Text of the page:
On dreams of “Iron Horses”
Published 9:04 am Monday, August 15, 2016
Commentary by Dr. Don Newbury
Perhaps dream-sizing today of century-old happenings should be linked to individuals with king-size visions of what can be. We can’t get our minds wrapped around ideas of such dreamers whose unbounded optimism and rolled-up sleeves led to projects of grandeur.
Before automobiles, before area oil discovery, and a full century before wind turbines turned lazily in the west Texas winds, cotton and cattle undergirded the economy. Visionaries came up with $200,000 in 1906 to birth a railroad. It was a short line, to be sure, but not to be short-lived.
Roscoe, Snyder and Pacific made for an ambitious name. Early dreams were to lay rails for 200 miles, connecting the RS&P to main lines in northwest Texas that stretched to the Pacific. They made it 40 miles, ending at Fluvanna, a hop/skip/jump west of Snyder.
No doubt, tobacco was spat toward the dreamers. Some critics shook their fists, shouting, “Get a horse!” Excitement prevailed, though, particularly among sweaty workers laying rails for 15 cents per hour during hardscrabble years two decades before the Great Depression.
They said the rails were “quarter-spiked and half-tied.” Stated differently, they got by with one-fourth of the spikes and half the cross ties recommended.
True enough, the little railroad was established with more faith than funds. It was “baling-wired;” duct tape–not yet invented–would have helped a bunch. It should be noted, though, the line had just one serious wreck during its 75+ years, and it had no fatalities.
The first locomotive–purchased used, of course–had been a wood-burner before conversion to coal. The RS&P began daily passenger and freight service on May 22, 1908–less than two years after its charter was granted.
It was the biggest of deals; finally, Snyder was connected by rail to cities back east. They had a two-day celebration, this town of 3,000 people. The excitement attracted 10,000 visitors, according to the Dallas Morning News. Schedules were crowded with picnics, speeches, ball games, hot air ballons, and horseshoe and washer pitching. Bunting flapped in the breeze from businesses, adding to the “hoopla.”
On its return to Roscoe, the train backed its way across the 31-mile span, since there was no provision for turning around–yet.
How giddy those first passengers must have been, experiencing speeds of up to 25 MPH. Citizens were so excited about completion of the first segment, they rode a flat car pulled by mules for a “warm-up” to train-riding.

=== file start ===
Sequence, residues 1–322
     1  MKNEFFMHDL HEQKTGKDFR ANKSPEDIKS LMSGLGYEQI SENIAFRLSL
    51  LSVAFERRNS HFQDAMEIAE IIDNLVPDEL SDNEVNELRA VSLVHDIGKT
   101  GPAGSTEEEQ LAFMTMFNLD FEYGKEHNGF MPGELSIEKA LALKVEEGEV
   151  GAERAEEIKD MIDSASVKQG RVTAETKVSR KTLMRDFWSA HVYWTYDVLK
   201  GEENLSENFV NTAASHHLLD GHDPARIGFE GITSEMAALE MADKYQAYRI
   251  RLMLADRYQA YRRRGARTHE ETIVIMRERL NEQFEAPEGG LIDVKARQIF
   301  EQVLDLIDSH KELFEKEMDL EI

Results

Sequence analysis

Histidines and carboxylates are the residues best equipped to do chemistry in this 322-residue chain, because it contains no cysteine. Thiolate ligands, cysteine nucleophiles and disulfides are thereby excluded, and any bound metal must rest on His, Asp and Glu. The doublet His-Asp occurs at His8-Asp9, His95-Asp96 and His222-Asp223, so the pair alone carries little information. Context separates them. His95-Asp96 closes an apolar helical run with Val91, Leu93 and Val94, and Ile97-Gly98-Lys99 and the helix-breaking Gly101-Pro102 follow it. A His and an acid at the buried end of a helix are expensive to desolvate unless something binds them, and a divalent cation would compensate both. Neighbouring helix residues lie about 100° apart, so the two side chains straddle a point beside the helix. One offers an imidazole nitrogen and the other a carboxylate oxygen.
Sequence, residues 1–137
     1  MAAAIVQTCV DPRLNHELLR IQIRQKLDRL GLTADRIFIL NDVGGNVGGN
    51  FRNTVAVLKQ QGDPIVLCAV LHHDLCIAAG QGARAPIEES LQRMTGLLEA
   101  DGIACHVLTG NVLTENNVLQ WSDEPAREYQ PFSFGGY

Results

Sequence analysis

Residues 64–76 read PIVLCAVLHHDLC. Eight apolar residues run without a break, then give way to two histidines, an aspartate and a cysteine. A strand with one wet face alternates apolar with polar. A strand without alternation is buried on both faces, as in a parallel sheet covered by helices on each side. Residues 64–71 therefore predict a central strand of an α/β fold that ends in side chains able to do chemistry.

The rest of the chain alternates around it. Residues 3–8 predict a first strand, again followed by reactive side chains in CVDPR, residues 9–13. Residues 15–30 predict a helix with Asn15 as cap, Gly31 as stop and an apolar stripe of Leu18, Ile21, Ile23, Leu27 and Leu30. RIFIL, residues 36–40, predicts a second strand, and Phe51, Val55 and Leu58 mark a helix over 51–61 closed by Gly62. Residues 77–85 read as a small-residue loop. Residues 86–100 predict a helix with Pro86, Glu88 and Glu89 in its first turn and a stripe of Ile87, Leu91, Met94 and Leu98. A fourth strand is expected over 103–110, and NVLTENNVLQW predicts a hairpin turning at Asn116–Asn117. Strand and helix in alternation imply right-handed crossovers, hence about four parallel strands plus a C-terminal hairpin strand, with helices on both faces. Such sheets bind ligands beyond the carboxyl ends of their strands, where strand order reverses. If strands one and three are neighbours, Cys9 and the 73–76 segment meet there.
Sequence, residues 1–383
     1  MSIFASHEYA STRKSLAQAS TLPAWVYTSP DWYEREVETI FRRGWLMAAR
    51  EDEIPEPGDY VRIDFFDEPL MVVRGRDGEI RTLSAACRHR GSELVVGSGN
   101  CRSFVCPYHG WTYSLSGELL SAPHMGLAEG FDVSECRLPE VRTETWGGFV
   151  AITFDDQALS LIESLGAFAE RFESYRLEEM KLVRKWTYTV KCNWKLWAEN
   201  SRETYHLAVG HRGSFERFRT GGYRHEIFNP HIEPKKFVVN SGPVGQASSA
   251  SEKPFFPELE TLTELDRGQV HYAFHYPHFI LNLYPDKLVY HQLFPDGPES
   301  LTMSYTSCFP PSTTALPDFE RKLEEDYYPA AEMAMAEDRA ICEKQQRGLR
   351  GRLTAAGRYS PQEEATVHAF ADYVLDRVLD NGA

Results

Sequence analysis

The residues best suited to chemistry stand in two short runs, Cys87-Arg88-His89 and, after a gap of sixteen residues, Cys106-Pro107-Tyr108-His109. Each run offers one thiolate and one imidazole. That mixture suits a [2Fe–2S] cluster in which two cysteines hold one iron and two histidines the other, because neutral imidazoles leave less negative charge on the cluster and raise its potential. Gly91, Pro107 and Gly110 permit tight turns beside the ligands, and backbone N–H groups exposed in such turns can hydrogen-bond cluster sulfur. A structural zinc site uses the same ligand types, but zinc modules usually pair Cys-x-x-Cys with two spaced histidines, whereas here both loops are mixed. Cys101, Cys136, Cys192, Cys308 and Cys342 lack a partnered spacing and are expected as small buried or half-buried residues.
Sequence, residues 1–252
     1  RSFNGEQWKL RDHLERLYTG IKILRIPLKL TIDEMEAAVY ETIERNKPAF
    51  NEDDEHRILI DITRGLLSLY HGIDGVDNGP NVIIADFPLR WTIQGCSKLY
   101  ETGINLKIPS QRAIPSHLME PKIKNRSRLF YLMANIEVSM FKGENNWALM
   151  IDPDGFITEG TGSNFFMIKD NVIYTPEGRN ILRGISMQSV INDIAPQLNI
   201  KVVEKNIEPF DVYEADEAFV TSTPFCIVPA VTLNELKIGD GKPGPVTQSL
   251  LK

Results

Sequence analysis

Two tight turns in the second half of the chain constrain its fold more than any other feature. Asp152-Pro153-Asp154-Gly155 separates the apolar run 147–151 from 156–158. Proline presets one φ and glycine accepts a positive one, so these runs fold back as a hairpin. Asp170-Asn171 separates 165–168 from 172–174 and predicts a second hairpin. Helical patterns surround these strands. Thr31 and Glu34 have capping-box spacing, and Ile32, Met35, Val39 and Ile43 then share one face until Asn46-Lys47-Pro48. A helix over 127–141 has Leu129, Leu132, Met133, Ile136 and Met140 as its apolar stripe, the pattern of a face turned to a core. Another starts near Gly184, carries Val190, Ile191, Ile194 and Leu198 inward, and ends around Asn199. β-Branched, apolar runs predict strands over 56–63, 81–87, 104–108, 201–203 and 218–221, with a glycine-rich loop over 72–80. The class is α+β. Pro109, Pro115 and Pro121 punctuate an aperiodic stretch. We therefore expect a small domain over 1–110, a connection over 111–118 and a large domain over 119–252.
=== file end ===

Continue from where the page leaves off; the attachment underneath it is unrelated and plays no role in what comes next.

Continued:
The “Pacific” part of the name, however, was not to be. RS&P ran with the big dogs on a prairie dog budget until deregulation in 1980 led to closure of the rail line in 1983.
Still, folks who believed in the RS&P–up to and including investing–held heads high, as well they should have. The rail line showed modest profits most years. Bankruptcy was never once declared, and it operated through years of the Great Depression and two World Wars, providing employment for up to 70 persons. Noteworthy, too, is that when rails between Snyder and Fluvanna were taken up in 1941, they went straight to foundries, later to be used as shrapnel in World War II. Today, there’s only 1.5 miles of rail remaining. It is used by Eagle Railcar Repair Company.
The internet has many accounts of the RS&P, and the Roscoe Historical Museum–open upon request and on “special days”–has even more. Sometime when you’re in Roscoe, the museum is a great stopping place, particularly if children in the back seat are reading The Little Engine That Could.
Dr. Edwin Duncan, a native who returned a decade ago after a long stint of university teaching in the northeast, is eager to show off the museum when he’s not “out of pocket.” Folks at the city hall–and others– have the number of the cell phone “in his pocket.”
He’s understandably proud of his hometown, its heritage, and, of course, the RS&P. One of his blogs will be revisited soon. It concerns a “jackrabbit round-up in Roscoe.” For now, though, he’ll tell you much more about the little railroad that could–and did.
Dr. Newbury is a speaker in the Dallas/Fort Worth Metroplex. Inquiries/comments to: firstname.lastname@example.org. Phone: 817-447-3872. Web site: www.speakerdoc.com. Columns archived at venturegalleries.com, newbury blog.